While some LDCs have made progress, others especially sSA nations have not fared well in achieving MDGs, lagging behind in health and poverty metrics. This remains true for Nigeria where despite growing poverty and dilapidated social infrastructure, the priorities have been different, as reflected in allocation of resources. On average, Nigeria allocated 4.6 percent of its annual budgets to health between 2016 and 2019, and slightly more on education at an average of 8.13 percent between in the same time frame. Our neighbours in West Africa fared much better: Ivory Coast and Ghana spent more in excess of 80 percent more over the same period. In comparison, OECD countries spent on average 15 and 11 percent on health and education, respectively. Even at that, their health infrastructures have not held up well against Covid-19 pandemic.

Moreover, health and economic growth go hand in hand. The importance of economic growth is underscored in a DFRI/OECD report in which economic growth is posited as the most powerful instrument for reducing poverty and improving the quality of life in developing countries, and that rapid and sustained growth is critical for achieving MDGs – and not just the first goal of halving the global proportion of people living on less than US$1 a day. A recent statement by Nigeria’s National Bureau of Statistics puts this clarion call into perspective: in a report about poverty and inequality from September 2018 to October 2019, the bureau stated that 40 percent of people in the continent’s most populous country lived below its poverty line of N137,430 (US$381.75) a year. This represents 82.9 million people.

It is only inclusive economic growth that can address unprecedented poverty levels in the short to long terms as it generates virtuous cycles of prosperity and opportunity that incentivise parents to invest in their children’s education. Strong economic growth is a catalyst for human development, which, in turn, promotes economic growth.  For growth to lead to poverty reduction the poor must perforce participate in the growth process and share in its proceeds.

Nigeria announcing a multibillion dollar package to address the health and economic impacts of the pandemic and oil price collapse would be welcomed – after all government disbursed at least N900billion between 2015 and 2019 to directly prop up electricity, an ailing market. Unfortunately, this is not possible as oil prices and the profligate public sector have blown a big hole in government finances. The fiscal position of government is precarious, and something urgent needs to be done. The war that must be fought is not just the transient one of the pandemic but the deep-seated socioeconomic ones that have blighted the country and its citizens for the past few decades. As this is not the last crisis the country would face, it is important to build resilience into the economy to minimise impact of subsequent future crisis.

While diversification is necessary, transformation provides compelling conditions

The Nigerian economy has been dominated by a few, and the state has struggled to build a society that produces equal opportunities for all citizens. Attempts to address this have not been sustained with any meaningful result to show. Indeed, recurring crises have shown that the country needs a root-and-branch change to address systemic issues and challenges that have skewed the economy. A radical departure from the old normal and different outcomes that will include and sustain the whole populace are what will enable effective buffering of future crises.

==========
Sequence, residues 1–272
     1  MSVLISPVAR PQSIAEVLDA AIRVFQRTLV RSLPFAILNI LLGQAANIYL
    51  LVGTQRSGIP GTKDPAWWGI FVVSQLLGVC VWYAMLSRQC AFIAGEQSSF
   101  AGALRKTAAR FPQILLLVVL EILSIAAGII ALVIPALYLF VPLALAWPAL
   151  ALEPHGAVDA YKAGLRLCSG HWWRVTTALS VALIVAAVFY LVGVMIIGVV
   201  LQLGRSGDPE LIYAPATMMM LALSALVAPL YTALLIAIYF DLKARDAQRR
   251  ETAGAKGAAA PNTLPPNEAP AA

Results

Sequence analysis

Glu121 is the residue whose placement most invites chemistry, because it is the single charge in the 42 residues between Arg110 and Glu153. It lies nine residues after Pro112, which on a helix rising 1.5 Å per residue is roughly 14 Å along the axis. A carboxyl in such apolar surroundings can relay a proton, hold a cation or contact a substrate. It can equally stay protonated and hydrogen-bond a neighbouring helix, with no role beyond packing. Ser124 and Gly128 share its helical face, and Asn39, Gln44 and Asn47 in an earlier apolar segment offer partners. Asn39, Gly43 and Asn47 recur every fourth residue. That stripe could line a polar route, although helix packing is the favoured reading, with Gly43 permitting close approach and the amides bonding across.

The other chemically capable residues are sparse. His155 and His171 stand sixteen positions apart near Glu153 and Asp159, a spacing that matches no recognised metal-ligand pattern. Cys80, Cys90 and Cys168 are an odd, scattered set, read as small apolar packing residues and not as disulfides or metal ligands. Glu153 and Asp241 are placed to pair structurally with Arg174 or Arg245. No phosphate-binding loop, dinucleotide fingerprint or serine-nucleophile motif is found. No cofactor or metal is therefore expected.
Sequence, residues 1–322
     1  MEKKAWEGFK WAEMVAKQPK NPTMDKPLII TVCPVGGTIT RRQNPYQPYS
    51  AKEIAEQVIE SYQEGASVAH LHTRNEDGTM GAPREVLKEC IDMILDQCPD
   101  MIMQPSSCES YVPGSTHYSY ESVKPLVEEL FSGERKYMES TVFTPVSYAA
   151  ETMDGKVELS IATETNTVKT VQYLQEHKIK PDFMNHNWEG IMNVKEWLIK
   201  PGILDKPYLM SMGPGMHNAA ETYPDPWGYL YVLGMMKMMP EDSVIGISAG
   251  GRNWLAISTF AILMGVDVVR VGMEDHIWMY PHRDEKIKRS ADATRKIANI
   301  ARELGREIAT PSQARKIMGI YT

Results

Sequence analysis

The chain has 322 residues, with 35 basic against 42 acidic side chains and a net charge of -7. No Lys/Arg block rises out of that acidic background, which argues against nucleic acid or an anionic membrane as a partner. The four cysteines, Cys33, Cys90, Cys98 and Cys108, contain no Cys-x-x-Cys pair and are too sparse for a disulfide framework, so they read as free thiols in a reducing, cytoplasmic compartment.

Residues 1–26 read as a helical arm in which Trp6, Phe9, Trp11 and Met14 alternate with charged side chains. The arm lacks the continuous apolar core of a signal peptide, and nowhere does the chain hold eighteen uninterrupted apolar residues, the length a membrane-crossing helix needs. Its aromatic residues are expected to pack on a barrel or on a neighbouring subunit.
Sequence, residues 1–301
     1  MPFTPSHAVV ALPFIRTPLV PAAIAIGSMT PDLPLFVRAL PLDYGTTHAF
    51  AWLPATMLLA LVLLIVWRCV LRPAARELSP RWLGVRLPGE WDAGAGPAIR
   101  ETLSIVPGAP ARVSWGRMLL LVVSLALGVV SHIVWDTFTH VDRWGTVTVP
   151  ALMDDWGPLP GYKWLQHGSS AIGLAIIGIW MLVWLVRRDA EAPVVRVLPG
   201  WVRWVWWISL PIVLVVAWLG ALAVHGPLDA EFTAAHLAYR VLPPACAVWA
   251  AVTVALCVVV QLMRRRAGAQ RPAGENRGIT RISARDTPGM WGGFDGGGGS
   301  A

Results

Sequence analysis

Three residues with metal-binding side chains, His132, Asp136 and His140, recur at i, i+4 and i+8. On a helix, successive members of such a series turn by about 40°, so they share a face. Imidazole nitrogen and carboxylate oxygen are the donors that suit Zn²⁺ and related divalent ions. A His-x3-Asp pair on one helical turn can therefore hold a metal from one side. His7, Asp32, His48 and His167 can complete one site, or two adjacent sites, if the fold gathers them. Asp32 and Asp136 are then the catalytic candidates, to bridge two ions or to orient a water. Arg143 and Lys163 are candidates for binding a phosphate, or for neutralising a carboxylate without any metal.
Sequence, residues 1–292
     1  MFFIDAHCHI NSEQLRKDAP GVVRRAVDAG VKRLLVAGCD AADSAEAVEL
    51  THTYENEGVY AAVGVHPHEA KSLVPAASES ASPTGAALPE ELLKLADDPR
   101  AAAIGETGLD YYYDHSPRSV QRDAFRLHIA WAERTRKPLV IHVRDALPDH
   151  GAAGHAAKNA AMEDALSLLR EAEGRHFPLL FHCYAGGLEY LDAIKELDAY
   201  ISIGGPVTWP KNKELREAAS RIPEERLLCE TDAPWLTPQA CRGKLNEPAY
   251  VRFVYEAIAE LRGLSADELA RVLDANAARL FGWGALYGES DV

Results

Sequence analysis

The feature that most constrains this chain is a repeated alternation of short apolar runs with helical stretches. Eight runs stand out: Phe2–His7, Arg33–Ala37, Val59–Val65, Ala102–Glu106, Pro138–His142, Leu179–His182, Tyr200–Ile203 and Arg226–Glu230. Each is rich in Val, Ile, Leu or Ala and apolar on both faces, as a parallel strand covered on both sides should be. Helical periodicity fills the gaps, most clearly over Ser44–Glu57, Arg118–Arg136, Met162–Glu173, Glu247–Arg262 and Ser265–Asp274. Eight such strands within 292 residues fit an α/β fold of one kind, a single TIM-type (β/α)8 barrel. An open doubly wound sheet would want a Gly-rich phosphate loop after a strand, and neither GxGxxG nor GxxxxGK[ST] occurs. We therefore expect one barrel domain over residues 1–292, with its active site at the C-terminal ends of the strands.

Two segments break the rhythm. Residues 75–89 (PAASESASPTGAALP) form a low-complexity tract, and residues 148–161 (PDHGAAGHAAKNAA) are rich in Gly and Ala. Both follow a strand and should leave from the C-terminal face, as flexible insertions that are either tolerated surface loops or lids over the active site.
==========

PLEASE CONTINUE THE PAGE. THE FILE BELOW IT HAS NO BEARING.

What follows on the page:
It is imperative that the zeal driving the war being waged against the novel coronavirus should be extended to addressing socioeconomic problems such as poverty and unemployment. While the general populace is clamouring for far-reaching changes to the economy, politicians and civil servants need to articulate appropriate strategies, policies and plans for comprehensive reform. Decision-makers must understand that in this war efforts must be visible and go far beyond piecemeal intervention.

With all the false starts we have had to transform the economy and address poverty, the current crisis should be regarded as an opportunity, a boon for a nation at a crossroads. To make good on the talk of alleviating poverty and economic transformation, there is an urgent need to change the current narrative, build a consensus with all social and political institutions, and come up with a New Nigerian Deal for social and economic reconstruction.

As the central backbone of a reset agenda the nation must formulate a comprehensive and sustainable plan, including financing, even if this means reallocating resources from traditional sectors and institutions that have gulped significant portions of the budget over the past two decades.

For the foreseeable future and as long as there is the spectre of an epidemic or pandemic even after we have successfully dealt with Lassa fever, Covid-19, cholera, tuberculosis, health is going to dominate public discourse. The readiness and efficacy of government responses to such hazards will hinge first and foremost on the robustness of the economy. One thing is clear: this is the time to rebuild systems and make them relevant to the people. When the entire nation is singing from the same hymn page, it makes for a compelling and harmonious rendition. This is a unique opportunity. It is imperative, therefore, that Nigeria as a leading light commence the formulation of appropriate policies and stimulate public discussions at home, across the region and the continent as most systems in sSA have been shown to be incapable of withstanding crisis. We should not let this opportunity go to waste or risk our economy emerging in a worse state, leaving us to limp forward into the new decade.